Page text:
Friday, June 19, 2009

Dude Looks Like a Lady

Friday, June 19, 2009
Is this a he or a she?

For many bird species, females get the short end of the stick when it comes to bright plumage, singing ability, and, in some cases, offspring rearing duties. Think for a moment about the life of a male ruby-throated hummingbird: He sets up a territory, courts a female (or several), fertilizes as many eggs as he can, then his job is done. He goes and hangs around the feeder, spending the day drinking and fighting, like an unemployed bully. The female whose eggs he fertilized? He can't even remember what she looked like.

No so with the phalaropes. Or, exactly so with phalaropes, but with the sexes reversed.

Consider, if you will, the Wilson's phalarope.

We get to see Wilson's phalaropes each June when we're in North Dakota. This year's wet spring in the Dakotas seemed to provide more nesting and foraging habitat for the phals, so they were almost everywhere. While out doing some casual bird watching with my OWN offspring, Phoebe and Liam, we happened upon the pair of Wilson's phalaropes depicted in my photos, in a flooded cornfield.

After both kids got a good look at the pair, I asked them which one they thought was the male. Both kids chose the more brightly colored of the two, until Phoebe deduced that this was probably a trick question.

Female Wilson's phalarope.

In phalaropes, the sexual dimorphism is flipped from what we see in most other birds. It is the female that is both larger and more colorful in appearance. Males are duller colored to blend in better when incubating eggs on the nest. But as that annoying huckster Billy Mays often says "But wait! There's MORE!"

Females (sometimes several at once) court a male for the right to mate. After Ms. W. Phal is chosen by a Mr. W. Phal, he fertilizes her eggs (she still gets THAT duty) and she lays them in a nest scrape. Then her work is mostly done. She skips away as free as a male hummingbird, to do whatever she wishes: forage, loaf, find other males to court and spark with...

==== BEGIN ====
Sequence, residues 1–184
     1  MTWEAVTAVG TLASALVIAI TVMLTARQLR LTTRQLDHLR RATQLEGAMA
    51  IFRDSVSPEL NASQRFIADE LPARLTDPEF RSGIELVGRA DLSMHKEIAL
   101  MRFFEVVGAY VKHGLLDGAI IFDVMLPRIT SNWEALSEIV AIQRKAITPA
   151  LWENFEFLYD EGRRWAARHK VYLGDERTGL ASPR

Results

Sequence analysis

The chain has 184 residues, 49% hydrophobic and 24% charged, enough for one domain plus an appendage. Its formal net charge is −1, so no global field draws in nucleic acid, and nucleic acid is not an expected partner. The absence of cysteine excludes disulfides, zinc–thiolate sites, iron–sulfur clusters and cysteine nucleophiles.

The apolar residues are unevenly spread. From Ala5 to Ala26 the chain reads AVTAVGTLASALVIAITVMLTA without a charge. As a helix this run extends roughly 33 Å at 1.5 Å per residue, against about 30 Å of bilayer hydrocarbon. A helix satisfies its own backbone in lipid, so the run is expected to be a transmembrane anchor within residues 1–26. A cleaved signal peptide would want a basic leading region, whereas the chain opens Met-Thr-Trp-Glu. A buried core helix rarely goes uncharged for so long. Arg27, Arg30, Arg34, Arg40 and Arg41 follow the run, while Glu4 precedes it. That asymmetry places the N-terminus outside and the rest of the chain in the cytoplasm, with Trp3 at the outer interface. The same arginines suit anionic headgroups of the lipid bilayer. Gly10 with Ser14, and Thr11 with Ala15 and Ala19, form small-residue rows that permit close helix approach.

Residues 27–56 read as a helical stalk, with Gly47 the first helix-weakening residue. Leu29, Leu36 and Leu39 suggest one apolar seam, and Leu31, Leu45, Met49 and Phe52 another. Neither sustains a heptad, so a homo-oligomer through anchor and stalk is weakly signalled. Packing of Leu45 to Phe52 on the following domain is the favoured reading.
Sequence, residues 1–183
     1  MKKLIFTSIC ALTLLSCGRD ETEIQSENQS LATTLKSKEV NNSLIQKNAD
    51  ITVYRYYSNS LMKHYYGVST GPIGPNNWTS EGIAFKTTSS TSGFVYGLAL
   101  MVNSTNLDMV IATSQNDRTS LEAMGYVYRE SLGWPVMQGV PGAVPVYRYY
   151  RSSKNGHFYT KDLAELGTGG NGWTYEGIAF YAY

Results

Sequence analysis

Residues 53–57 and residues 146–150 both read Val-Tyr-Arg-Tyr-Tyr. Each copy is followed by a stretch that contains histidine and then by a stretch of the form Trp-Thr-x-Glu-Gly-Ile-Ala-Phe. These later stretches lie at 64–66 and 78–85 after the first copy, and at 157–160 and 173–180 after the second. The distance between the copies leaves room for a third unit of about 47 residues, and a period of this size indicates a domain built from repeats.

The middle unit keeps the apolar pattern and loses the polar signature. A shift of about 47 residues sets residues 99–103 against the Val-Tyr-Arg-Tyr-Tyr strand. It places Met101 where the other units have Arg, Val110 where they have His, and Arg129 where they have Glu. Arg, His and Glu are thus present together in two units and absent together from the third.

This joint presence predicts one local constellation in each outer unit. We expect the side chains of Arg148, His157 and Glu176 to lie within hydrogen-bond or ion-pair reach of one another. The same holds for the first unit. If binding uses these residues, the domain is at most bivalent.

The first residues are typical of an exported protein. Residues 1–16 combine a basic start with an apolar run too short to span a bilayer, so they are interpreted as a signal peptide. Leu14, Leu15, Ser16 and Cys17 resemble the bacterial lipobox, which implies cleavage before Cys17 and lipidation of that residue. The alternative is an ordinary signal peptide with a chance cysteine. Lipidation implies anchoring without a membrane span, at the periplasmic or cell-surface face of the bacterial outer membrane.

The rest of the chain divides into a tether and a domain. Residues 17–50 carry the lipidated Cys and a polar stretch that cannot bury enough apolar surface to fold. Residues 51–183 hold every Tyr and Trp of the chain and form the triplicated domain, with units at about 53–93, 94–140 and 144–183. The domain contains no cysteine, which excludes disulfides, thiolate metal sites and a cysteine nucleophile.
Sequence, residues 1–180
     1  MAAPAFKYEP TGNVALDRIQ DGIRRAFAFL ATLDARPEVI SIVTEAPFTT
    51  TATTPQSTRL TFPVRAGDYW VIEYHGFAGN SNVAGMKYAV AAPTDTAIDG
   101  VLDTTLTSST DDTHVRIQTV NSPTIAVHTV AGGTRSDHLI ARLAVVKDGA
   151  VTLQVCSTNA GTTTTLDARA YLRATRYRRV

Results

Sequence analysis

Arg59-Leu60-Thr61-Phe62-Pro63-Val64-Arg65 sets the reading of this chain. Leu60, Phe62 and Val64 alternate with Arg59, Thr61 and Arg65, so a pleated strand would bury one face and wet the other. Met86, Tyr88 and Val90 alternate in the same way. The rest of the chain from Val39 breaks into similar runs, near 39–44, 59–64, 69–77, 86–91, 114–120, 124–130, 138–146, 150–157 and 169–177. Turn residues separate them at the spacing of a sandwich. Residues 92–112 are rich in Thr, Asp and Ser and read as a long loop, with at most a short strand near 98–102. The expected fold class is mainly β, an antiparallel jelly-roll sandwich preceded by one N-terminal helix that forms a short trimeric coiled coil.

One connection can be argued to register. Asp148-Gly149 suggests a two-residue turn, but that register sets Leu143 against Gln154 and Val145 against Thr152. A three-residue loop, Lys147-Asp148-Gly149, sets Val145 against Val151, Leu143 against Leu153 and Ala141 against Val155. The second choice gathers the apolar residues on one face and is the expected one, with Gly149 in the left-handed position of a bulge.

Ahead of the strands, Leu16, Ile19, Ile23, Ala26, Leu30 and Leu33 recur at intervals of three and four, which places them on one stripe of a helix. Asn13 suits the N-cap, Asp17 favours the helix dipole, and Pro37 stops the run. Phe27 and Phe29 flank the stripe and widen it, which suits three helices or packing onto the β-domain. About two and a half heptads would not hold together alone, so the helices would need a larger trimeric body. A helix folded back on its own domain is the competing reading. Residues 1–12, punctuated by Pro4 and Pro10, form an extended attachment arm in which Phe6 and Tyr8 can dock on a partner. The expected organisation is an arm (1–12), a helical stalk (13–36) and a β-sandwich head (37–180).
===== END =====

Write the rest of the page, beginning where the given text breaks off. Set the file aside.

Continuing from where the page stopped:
Female (left) and male(right) Wilson's phalaropes.

Meanwhile, back at the nest, Mr. Phal get to incubate the eggs and, once the precocial chicks emerge, he and some of his fellow single dads get the kids together to learn the intricacies of life as a phalarope.

Now I am sure that some of my fellow humans out there think this just ain't right. That this particular gender roll reversal is not only evil, it threatens the very fabric of our society, if not our freedom. I just think it's one of the million of cool things that we as bird watchers are privileged to know, once we take the time to learn them.

This photo shows the size difference between the sexes. She is bigger than he.

By the way, when you were a beginning birder, did you know how to pronounce PHAL-a-rope? I've heard all kinds of versions: fall-AIR-oh-pee, fal-ar-ROPE-ee, PHIL-an-thrope, Sha-SHEV-skee.

For an excellent (but not overly scientific) explanation of the breeding cycle and natural history of the Wilson's phalarope, read Dave Iron's post about this subject on


On June 20, 2009 at 9:22 AM Dave Lewis said...

I've also heard it pronounced "HAY-lookie-THAR"...

On June 22, 2009 at 9:27 AM Rondeau Ric said...


Cool looking blog dude.

On June 26, 2009 at 11:53 AM Calliope said...

Pray tell, how is one example of non-sexist breeding EVIL? That oh-so strong comment might lead me, a loyal reader of your blog until now, to believe that YOU, my good sir, are a MYSOGINIST.

On June 26, 2009 at 12:48 PM Bill of the Birds said...


That was a joke. I thought I was clear about that. If you re-read the passage as I wrote it, I am saying that SOME people might think this gender role reversal is abnormal. And I stretch this statement out to a pretty ludicrous degree.

Sorry if this post offended you. Having re-read it, I'm standing by my words, which were meant to be tongue in cheek (not literally tongue in cheek, that would be gross) Oh...nevermind.

On June 26, 2009 at 12:52 PM Calliope said...

Okay. Good to know. I can be a little over-sensitive to something I think sounds sexist.

On June 26, 2009 at 12:53 PM Calliope said...

P.S. I reread it, and yes, it does sound like you are voicing the opinions of some people who actually are mysoginists. My apologies.